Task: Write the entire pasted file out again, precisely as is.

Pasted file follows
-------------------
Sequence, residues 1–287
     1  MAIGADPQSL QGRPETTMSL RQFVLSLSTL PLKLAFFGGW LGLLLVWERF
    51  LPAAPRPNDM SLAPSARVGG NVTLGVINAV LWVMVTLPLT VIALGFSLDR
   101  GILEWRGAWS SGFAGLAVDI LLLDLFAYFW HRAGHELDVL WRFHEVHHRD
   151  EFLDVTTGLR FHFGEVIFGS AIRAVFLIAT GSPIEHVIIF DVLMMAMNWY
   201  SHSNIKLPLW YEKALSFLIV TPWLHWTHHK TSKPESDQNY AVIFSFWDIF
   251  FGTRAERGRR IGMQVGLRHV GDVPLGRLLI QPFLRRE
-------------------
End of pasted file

Sequence, residues 1–287
     1  MAIGADPQSL QGRPETTMSL RQFVLSLSTL PLKLAFFGGW LGLLLVWERF
    51  LPAAPRPNDM SLAPSARVGG NVTLGVINAV LWVMVTLPLT VIALGFSLDR
   101  GILEWRGAWS SGFAGLAVDI LLLDLFAYFW HRAGHELDVL WRFHEVHHRD
   151  EFLDVTTGLR FHFGEVIFGS AIRAVFLIAT GSPIEHVIIF DVLMMAMNWY
   201  SHSNIKLPLW YEKALSFLIV TPWLHWTHHK TSKPESDQNY AVIFSFWDIF
   251  FGTRAERGRR IGMQVGLRHV GDVPLGRLLI QPFLRRE